Revitalization

Hammer Can Learn From Steeltown USA

By Jason Leach
Published April 03, 2009

Steeltown USA caught my eye recently in the news, along with a great photo-tour. First, NY Times notes that Pittsburgh's slow-and-steady approach is helping the city cope with the economic crisis:

[Pittsburgh] was in the forefront of the movement to conserve existing structures and clean up the contaminated industrial sites called brownfields, becoming a leader in the field of sustainable building. That is now serving Pittsburgh well during the economic downturn.

Describing the area's rebuilt economy, the Allegheny County executive, Dan Onorato, said: "It's clean, it's shiny, it's green. Slow, steady growth is our strongest asset."

The city's commercial real estate market is relatively healthy. In the fourth quarter of 2008, Pittsburgh earned the top ranking in Moody's Investors Service's quarterly "Red-Yellow-Green" report on the state of commercial real estate in 60 major United States cities.

Now check out the tall 'skinny' buildings in this photo tour on Skyscraper Page - much like our building stock around King and James.

Pittsburgh buildings (Image Credit: Skyscraper Page)
Pittsburgh buildings (Image Credit: Skyscraper Page)

Hamilton can learn much from our Steeltown friend to the south as we face a dwindling steel industry and heavy manufacturing sector.

Will we go the route of Detroit, or the route of Pittsburgh? Our future destination as a city is actually quite a simple journey and it will be decided by decisions we make today.

Jason Leach was born and raised in the Hammer and currently lives downtown with his wife and children. You can follow him on twitter.

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By Tecumseh (registered) | Posted April 05, 2009 at 09:22:23

When viewing the photo tour I couldn't help but think of the difference it would make in Hamilton if we were doing residential conversions of historic buildings at the rate they are in Pittsburgh. The comparison with Detroit is apt: the so-called "renaissance" there is really superficial... shiny offices that are only occupied M-F 9-5 contribute nothing to the health and vibrancy of a downtown. The Lister Block comes to mind immediately... while I'm glad it won't continue its decay, it is so much better suited for residential conversion, and would contribute so much more to the revival of downtown. They seem to have that figured out in Pittsburgh.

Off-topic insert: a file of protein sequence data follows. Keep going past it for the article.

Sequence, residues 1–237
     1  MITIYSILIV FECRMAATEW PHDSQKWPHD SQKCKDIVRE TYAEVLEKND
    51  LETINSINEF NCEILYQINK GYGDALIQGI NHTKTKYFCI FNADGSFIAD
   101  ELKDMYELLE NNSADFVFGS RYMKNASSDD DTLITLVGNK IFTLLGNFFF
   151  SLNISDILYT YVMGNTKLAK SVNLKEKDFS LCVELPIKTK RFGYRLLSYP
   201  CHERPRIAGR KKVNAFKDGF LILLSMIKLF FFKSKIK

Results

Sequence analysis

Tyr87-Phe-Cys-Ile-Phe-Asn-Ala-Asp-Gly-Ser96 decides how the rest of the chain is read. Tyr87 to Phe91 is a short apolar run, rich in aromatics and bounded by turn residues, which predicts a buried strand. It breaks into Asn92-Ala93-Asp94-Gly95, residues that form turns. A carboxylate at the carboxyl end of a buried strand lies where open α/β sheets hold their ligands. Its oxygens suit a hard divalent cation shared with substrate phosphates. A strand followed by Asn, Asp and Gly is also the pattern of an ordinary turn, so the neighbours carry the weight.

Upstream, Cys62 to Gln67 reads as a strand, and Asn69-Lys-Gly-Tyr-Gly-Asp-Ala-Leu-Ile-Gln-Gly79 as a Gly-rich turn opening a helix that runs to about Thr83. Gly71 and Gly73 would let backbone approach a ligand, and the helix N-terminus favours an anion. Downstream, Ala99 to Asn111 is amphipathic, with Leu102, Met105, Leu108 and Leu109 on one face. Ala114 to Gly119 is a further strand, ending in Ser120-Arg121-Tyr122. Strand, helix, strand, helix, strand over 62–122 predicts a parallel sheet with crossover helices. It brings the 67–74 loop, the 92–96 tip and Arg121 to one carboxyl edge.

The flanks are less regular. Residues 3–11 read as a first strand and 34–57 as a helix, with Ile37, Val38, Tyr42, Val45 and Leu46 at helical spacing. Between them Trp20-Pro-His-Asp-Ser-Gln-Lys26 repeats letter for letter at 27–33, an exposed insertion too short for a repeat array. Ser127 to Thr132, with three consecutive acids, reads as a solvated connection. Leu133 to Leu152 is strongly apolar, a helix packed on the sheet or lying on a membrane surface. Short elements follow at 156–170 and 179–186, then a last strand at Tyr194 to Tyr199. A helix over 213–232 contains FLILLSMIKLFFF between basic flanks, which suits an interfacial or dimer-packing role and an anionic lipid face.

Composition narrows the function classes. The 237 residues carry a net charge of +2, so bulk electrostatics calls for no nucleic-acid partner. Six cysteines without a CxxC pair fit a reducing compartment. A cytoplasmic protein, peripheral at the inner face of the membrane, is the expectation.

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By jason (registered) | Posted April 05, 2009 at 15:18:11

I absolutely agree with you. After hearing engineering experts talk about how rock solid the Lister is and in no danger of coming down, I would have much preferred it to sit empty for a few more years until a residential project could be developed for it. I realize some folks won't agree with me, but getting more office cubicles does nothing to enhance the street life downtown. Also, the main floor retail arcade was supposed to become street-front retail, but instead will be turned into office cubicles much like we now see in the old Eatons store facing York. Tinted windows and a lifeless sidewalk will be the view at King William and James in a couple of years.

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By A Smith (anonymous) | Posted April 05, 2009 at 19:36:35

>> I would have much preferred it to sit empty for a few more years until a residential project could be developed for it

Do you think letting buildings sit empty helps promote the idea that Hamilton is a vibrant place to live?

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By jason (registered) | Posted April 05, 2009 at 20:42:15

not at all. But this building is iconic. We only have one. It's a national landmark. To have it undergo a butchered renovation will mean that many more years will pass before it ever has a chance to be fully utilized in the manner that it was designed to. How many decades will King William and James roll up at 5pm as the office cubicles empty out before the building changes hands and someone spends more considerable money to do a proper renovation that opens the retail space back to the street. I'd rather wait a few years and have it done right instead of ruining the place and having to wait decades for it to become the vibrant hub of downtown Hamilton that it historically has been.